Riccardo Muti has conducted a number of Da Ponte's Mozart operas in Vienna, and this, together with the 1996 'Cosi fan tutte', are musical winners through and through.
The reason is simple - the casts in both productions are GREAT. By Abert
This Covent Garden production of Bizet’s Carmen, makes a vivid musical and dramatic impression. Director Francesca Zambello creates a properly Spanish atmosphere, filling the stage with a profusion of detailed characters. In Act One’s town square each of the many soldiers, strollers, cigarette factory girls, and children are individuals, so there’s a bustle of continuous, realistic activity. That attention to detail carries over to the rest of the opera, involving viewers in the action. Tanya McCallin’s sets are a perfect foil for the direction: simple, movable panels that serve as lightly sketched backdrops for the town square, a tavern, the smugglers’ mountain hideaway, and the final scene in front of the bull ring. But what makes this Carmen special is the singing and acting of the principals… –Dan Davis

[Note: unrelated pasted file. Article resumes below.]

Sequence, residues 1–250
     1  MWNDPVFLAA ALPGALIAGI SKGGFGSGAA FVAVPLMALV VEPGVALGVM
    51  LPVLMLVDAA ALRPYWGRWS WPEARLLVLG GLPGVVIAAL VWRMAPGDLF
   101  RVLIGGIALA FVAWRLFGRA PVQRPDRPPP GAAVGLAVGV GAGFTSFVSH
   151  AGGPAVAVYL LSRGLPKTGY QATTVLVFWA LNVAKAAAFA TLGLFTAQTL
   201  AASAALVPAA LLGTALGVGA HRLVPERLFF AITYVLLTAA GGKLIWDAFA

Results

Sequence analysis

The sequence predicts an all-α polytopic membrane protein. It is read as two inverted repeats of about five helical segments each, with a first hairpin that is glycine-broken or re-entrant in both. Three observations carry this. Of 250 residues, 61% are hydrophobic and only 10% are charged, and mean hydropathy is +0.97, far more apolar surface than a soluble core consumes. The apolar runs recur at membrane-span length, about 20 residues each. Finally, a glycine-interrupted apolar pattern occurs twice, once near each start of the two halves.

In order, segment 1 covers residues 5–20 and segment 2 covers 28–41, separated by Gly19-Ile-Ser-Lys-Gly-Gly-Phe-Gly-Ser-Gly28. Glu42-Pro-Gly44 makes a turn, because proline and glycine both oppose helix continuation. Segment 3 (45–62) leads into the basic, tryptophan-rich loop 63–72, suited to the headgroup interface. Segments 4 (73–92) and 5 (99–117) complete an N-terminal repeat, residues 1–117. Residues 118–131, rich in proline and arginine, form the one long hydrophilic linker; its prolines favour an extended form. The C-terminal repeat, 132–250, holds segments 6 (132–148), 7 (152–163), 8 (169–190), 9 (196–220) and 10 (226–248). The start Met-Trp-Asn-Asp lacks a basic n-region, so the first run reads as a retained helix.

More than many opera seria, Handel's 1725 Italian opera, "Rodelinda", provides such a palpable story of jealousy, revenge and undying devotion that it is no wonder the opera itself has been given such widely diverse translations over the years. I was fortunate to experience two wonderful productions of "Rodelinda" just this past year. The first was Stephen Wadsworth's elaborate Metropolitan Opera production set on a beautiful 18th-century country estate, starring superstar soprano Renée Fleming in the title role and the extraordinary countertenor David Daniels as her husband Bertarido. The second also starred Daniels but with rising soprano Catherine Naglestad in David Alden's expressionistic film noir adaptation at the San Francisco Opera (first staged by Munich's Bavarian State Opera)… By Ed Uyeshima
…Heinrich Marschner's operatic oeuvre presents us with a constant reminder of the great German operatic tradition that preceded him and the glorious one that followed him. It is commonplace to regard Marschner (1795-1861) as the most important composer of German romantic opera between Weber and Wagner–a not-so-enviable position, especially considering the debates on romantic opera that flared up in the nineteenth century. E. T. A. Hoffmann regarded romantic opera as the "only true one, for only in the realm of romanticism is music at home." Hoffmann's aesthetics of opera were allegorically presented in his 1813 essay Der Dichter und der Komponist ("The Poet and the Composer"), later included in his Serapionsbruder…